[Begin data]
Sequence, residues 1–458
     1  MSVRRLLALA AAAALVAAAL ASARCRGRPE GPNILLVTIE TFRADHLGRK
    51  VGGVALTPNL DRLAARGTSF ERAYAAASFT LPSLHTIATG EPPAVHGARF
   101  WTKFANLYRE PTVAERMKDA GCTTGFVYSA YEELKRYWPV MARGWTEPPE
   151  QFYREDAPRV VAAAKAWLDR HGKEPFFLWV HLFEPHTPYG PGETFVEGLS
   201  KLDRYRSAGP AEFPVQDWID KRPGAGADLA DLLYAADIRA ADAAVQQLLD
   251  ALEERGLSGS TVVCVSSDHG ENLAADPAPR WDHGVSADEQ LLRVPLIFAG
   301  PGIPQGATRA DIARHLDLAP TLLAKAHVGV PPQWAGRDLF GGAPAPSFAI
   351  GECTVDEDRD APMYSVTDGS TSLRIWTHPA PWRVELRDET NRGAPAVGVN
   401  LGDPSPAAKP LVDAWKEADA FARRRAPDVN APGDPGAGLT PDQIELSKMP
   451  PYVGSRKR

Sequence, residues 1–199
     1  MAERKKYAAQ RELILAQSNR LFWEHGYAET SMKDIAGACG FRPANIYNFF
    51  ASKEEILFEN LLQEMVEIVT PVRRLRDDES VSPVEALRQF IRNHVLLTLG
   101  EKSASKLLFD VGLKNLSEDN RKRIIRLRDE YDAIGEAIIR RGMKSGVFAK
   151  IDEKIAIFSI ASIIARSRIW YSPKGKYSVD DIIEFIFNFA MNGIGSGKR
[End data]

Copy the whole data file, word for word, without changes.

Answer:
Sequence, residues 1–458
     1  MSVRRLLALA AAAALVAAAL ASARCRGRPE GPNILLVTIE TFRADHLGRK
    51  VGGVALTPNL DRLAARGTSF ERAYAAASFT LPSLHTIATG EPPAVHGARF
   101  WTKFANLYRE PTVAERMKDA GCTTGFVYSA YEELKRYWPV MARGWTEPPE
   151  QFYREDAPRV VAAAKAWLDR HGKEPFFLWV HLFEPHTPYG PGETFVEGLS
   201  KLDRYRSAGP AEFPVQDWID KRPGAGADLA DLLYAADIRA ADAAVQQLLD
   251  ALEERGLSGS TVVCVSSDHG ENLAADPAPR WDHGVSADEQ LLRVPLIFAG
   301  PGIPQGATRA DIARHLDLAP TLLAKAHVGV PPQWAGRDLF GGAPAPSFAI
   351  GECTVDEDRD APMYSVTDGS TSLRIWTHPA PWRVELRDET NRGAPAVGVN
   401  LGDPSPAAKP LVDAWKEADA FARRRAPDVN APGDPGAGLT PDQIELSKMP
   451  PYVGSRKR

Sequence, residues 1–199
     1  MAERKKYAAQ RELILAQSNR LFWEHGYAET SMKDIAGACG FRPANIYNFF
    51  ASKEEILFEN LLQEMVEIVT PVRRLRDDES VSPVEALRQF IRNHVLLTLG
   101  EKSASKLLFD VGLKNLSEDN RKRIIRLRDE YDAIGEAIIR RGMKSGVFAK
   151  IDEKIAIFSI ASIIARSRIW YSPKGKYSVD DIIEFIFNFA MNGIGSGKR